The slow uptake on smart living technology

Abby Cleaver explores the lack of enthusiasm towards smart living tech, and asks if it’s been overcomplicated to the point that it isolates those who need it the most

Smart living technology are technological devices or systems that are designed to enhance daily life. This is a very neat way of summarising a huge idea, as smart living technology is an umbrella that covers an enormous range of products and services. Smart home security systems, wearable health monitoring devices, home automation systems, digital assistants, and home entertainment are all examples of distinct areas within this smart home bubble. Applications of this technology can empower you to feel safer in your home with smart sensors and doorbell cameras, to conveniently turn lights on and off with an app or a voice command, and to save money on your heating through a smart thermostat system, and much more. This technology is engineered to improve your quality of life, to increase your efficiency, to solve your day to day problems. Sounds great, right? So why hasn’t it taken off?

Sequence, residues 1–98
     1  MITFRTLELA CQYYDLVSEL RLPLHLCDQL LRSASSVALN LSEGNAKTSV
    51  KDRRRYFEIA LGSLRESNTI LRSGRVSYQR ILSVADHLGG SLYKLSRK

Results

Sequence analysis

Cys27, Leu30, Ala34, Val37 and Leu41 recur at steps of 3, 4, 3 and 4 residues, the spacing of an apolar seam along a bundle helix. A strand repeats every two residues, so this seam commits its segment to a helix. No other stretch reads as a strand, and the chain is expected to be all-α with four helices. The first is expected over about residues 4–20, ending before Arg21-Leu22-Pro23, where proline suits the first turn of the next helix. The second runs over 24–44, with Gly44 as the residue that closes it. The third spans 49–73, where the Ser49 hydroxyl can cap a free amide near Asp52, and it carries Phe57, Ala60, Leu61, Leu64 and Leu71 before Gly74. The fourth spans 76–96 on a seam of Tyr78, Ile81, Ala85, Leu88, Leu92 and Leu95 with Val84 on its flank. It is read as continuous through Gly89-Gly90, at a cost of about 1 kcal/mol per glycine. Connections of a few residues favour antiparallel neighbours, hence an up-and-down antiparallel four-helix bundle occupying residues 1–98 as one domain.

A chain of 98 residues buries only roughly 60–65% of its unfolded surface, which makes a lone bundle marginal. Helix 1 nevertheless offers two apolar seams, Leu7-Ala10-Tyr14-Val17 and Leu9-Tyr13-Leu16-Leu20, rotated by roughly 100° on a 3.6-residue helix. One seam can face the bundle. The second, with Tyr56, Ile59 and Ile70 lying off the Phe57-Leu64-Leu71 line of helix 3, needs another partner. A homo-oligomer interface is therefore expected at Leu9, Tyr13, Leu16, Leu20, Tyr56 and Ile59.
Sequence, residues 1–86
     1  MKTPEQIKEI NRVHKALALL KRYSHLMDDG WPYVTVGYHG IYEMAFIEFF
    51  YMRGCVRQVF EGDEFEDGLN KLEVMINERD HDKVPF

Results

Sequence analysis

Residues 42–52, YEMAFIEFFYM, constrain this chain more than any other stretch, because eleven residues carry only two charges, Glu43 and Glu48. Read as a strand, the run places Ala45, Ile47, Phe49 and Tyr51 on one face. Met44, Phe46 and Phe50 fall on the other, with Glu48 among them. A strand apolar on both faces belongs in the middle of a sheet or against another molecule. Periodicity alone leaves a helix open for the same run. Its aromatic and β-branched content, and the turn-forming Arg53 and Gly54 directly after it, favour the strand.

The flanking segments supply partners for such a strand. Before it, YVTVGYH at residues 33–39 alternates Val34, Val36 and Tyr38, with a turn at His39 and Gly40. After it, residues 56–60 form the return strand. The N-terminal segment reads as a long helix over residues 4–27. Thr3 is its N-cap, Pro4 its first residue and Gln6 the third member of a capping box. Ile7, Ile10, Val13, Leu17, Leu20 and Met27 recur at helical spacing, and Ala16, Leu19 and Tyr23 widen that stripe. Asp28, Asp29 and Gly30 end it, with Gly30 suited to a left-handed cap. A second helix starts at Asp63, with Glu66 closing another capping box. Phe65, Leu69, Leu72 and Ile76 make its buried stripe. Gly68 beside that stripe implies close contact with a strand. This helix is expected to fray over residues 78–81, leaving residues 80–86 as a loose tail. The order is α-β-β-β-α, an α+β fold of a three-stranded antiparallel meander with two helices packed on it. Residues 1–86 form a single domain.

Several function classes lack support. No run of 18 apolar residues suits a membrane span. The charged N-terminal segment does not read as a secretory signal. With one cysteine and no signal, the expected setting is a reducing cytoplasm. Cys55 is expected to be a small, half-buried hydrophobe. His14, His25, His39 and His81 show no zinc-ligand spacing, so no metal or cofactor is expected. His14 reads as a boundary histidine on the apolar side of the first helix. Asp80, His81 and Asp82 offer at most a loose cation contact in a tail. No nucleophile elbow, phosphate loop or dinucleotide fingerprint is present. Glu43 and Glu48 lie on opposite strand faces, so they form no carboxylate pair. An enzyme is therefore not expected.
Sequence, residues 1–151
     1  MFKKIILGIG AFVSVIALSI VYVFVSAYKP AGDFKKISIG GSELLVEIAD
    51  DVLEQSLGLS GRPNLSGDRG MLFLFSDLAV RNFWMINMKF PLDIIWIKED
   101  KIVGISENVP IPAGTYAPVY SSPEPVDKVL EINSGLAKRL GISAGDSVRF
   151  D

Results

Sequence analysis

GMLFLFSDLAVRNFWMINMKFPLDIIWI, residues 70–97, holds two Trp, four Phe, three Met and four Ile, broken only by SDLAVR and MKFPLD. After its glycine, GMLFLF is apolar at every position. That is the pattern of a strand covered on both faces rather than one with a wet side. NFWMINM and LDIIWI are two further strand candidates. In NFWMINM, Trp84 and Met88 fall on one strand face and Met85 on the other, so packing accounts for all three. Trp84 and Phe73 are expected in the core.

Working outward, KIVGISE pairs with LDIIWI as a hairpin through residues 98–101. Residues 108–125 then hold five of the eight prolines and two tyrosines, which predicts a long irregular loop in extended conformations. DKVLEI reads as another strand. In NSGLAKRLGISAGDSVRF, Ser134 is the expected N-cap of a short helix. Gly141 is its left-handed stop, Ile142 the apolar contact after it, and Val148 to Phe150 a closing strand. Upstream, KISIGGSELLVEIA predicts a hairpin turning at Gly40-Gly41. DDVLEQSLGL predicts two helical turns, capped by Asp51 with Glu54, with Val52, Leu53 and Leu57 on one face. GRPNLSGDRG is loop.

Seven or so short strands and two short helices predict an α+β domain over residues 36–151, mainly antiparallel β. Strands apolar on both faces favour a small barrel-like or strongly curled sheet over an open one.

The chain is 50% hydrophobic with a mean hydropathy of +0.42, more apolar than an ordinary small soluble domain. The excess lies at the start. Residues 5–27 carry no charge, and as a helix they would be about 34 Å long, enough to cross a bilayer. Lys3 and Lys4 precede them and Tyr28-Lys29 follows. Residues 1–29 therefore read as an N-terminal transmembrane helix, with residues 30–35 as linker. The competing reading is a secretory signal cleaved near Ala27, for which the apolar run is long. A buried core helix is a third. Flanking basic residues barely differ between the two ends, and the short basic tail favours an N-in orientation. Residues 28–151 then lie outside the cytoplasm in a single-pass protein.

The way that smart home tech is marketed and advertised is, for me, suspect number one. The advertising around these products is exciting for some, while confusing, overwhelming, and potentially isolating for others. It is tailored for a young and tech savvy audience looking to further enhance their lives, to make their lives every bit more convenient. There’s nothing wrong with that, especially in a busy modern world. Smart lights that can be programmed to gently wake you up with simulated sunlight is pretty decisively much better for your circadian rhythm than a blaring alarm clock – and a more pleasant way to start your working day! A coffee machine that can be set to have a hot americano ready at 7.35am  might be a dream help to a young professional always running out the door. Imagine every screen in the house is linked, so that when you walk from room to room whatever you’re watching comes with you. These images are the sort that we see across smart living advertisements. These ads are typically fast-paced, colourful, and bursting with energy to embody what this technology represents for the targeted consumer: the next best thing, existing and life changing smart technology that can level up your life.

“The unfortunate thing is that this is a group that could hugely benefit from this type of technology. Think of a nervous elderly lady who lives alone, and what peace of mind she might get should she be able to check her doorbell camera before opening her house to a potential stranger”